And yet we ourselves are made of water. Our bodies are 60% water, and our brains and hearts, in isolation from the rest, are 70%. We are made of water even as, with its shape-shifting capacities, it is strange to us. Is there not something right, something beautiful, about being honest to the strangeness? Might the strangeness of water be a teacher, too? Might the comfort, but also the strangeness, be one way that the sacred finds its home in the mundane?

I am reminded of an amateur video made by a former student, June Xie, at Swarthmore College six or seven years ago. which revealed the strangeness of water to me. June has given me permission to share it:

​June's video reminds me that a healthy spirituality lies in letting go of a current (and comfortably stable) ideas of the self. She admits that she is still have trouble doing that. Here is how she puts it:

"Much of living in this world for me is gaining perspective, learning to let go of a current (and comfortably stable) idea of the self. I'm still having a lot of trouble with doing just that; peace, balance within the self is a constant struggle." (June Xie)

Here is what I learn from June's video. If we are too comfortable inside our skin — if we know what we think and where we stand — we miss something deep and wonderful. We lack awareness of the many perspectives on life, and we lack awareness that we are ourselves many lives, moment by moment, each of which is a perspective. We live our lives drop by drop of experience at a time.

This is what process theology teaches us. It reminds us that our very souls are not self-same substances that endure over time, but rather a series of experiences. We are not things but moments. This moment and then this moment and then this moment. And the truth is that no two moments are alike. Each moment is a coming together — a concrescence — of heaven and earth, and they are always changing. As heaven and earth change so we change. It is all so fluid.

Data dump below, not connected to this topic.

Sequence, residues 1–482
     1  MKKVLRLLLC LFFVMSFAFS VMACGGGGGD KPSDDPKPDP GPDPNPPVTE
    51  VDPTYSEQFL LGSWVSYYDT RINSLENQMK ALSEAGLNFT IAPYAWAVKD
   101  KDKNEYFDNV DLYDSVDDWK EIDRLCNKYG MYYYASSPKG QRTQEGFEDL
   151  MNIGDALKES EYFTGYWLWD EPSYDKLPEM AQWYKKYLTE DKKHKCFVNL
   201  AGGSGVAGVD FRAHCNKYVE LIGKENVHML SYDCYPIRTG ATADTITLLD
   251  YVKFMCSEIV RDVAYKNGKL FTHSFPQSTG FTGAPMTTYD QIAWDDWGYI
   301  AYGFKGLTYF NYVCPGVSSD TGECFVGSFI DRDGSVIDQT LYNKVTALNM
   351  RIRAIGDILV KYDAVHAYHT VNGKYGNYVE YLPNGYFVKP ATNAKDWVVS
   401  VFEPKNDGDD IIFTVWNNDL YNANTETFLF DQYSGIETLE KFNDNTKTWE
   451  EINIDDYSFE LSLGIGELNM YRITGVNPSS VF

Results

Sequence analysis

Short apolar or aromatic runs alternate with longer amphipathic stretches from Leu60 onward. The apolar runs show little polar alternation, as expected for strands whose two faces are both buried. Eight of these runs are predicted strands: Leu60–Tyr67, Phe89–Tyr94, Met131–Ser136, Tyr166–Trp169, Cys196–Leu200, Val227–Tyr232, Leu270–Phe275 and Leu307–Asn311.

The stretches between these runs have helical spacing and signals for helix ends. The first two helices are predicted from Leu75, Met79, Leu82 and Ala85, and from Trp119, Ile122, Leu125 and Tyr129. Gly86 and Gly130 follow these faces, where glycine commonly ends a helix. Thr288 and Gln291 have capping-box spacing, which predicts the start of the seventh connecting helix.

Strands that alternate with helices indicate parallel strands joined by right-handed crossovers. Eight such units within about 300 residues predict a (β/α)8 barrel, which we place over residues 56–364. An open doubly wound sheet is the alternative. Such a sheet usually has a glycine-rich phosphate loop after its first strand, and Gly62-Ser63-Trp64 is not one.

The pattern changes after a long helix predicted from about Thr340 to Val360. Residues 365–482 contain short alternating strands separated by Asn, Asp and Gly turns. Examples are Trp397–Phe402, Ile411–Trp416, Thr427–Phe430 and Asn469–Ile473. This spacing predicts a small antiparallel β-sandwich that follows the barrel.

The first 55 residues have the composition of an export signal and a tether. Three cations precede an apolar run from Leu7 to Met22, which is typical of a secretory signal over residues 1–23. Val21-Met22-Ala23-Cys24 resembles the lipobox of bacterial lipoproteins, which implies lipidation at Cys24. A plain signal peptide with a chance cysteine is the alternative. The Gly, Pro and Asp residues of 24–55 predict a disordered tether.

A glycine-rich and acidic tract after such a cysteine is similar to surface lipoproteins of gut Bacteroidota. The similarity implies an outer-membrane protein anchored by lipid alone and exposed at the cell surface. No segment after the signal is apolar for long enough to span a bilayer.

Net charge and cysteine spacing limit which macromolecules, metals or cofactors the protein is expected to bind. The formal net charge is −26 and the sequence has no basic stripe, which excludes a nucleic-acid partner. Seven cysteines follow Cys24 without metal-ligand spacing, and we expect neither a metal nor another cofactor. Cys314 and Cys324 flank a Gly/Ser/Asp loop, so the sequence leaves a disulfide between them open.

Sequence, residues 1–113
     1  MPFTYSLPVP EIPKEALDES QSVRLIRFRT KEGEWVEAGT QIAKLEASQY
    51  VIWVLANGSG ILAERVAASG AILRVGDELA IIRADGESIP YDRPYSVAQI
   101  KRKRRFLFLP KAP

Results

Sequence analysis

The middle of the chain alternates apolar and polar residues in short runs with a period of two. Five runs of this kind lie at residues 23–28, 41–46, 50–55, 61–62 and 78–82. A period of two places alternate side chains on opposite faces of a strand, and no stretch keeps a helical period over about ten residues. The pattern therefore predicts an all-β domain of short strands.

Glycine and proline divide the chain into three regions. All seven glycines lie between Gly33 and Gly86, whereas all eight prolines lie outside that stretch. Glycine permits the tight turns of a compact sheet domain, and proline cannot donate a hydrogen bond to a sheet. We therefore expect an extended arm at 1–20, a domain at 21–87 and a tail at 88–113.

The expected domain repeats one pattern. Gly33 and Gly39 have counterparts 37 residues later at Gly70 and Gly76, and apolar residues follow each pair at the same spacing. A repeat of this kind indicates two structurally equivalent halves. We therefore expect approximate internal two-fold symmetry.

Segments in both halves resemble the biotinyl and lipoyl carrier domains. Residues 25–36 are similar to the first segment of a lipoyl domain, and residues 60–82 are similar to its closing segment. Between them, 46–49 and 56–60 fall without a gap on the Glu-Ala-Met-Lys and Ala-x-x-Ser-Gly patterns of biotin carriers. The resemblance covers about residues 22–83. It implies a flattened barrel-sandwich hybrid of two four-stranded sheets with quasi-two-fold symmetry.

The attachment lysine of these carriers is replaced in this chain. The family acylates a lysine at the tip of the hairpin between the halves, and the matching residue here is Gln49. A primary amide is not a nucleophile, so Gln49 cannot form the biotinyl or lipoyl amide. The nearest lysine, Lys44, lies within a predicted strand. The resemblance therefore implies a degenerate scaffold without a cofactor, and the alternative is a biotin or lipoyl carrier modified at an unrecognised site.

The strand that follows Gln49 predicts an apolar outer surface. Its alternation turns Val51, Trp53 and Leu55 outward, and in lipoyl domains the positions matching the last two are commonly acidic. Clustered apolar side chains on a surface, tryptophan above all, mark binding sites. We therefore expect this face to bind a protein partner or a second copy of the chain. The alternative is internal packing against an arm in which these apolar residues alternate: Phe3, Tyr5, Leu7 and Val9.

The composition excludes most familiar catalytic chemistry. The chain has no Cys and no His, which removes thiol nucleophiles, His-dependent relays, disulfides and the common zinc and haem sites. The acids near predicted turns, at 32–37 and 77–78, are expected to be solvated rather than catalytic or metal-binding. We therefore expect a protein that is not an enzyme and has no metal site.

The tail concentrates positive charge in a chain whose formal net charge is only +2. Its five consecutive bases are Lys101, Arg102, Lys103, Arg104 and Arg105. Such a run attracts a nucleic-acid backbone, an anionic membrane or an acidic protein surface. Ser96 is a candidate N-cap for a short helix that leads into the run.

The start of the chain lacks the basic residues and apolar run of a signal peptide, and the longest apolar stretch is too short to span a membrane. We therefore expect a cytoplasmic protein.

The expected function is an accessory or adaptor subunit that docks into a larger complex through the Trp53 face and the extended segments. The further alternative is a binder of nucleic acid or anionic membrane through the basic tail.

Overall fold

Recall the story of the Zen teacher being asked how the world was created and lifting up one finger. With that single act, the teacher explained, a new world was created, a world that did not exist prior to that moment. Indeed, says June Xie, life is a lot like water. So strange, so fluid, so scary, so different.

Of course we all seek peace of heart and mind. We all want some stability. But isn't peace strange, too? A static peace that remains fixed, devoid of change, would be suffocating.

Yes, in its strangeness, water can be our teacher. Perhaps heaven is a perpetual invitation to let go of false stabilities which are always different, always strange, and so often immensely beautiful. Heaven wants us to fear water for water's sake and for our own sake, too. Only when we delight in strangeness can we know the beautiful. Only when we are not entirely comfortable within our own skins can we know the happiness — the peace — that surpasses all understanding, in ways forever strange. Such is the shape of water.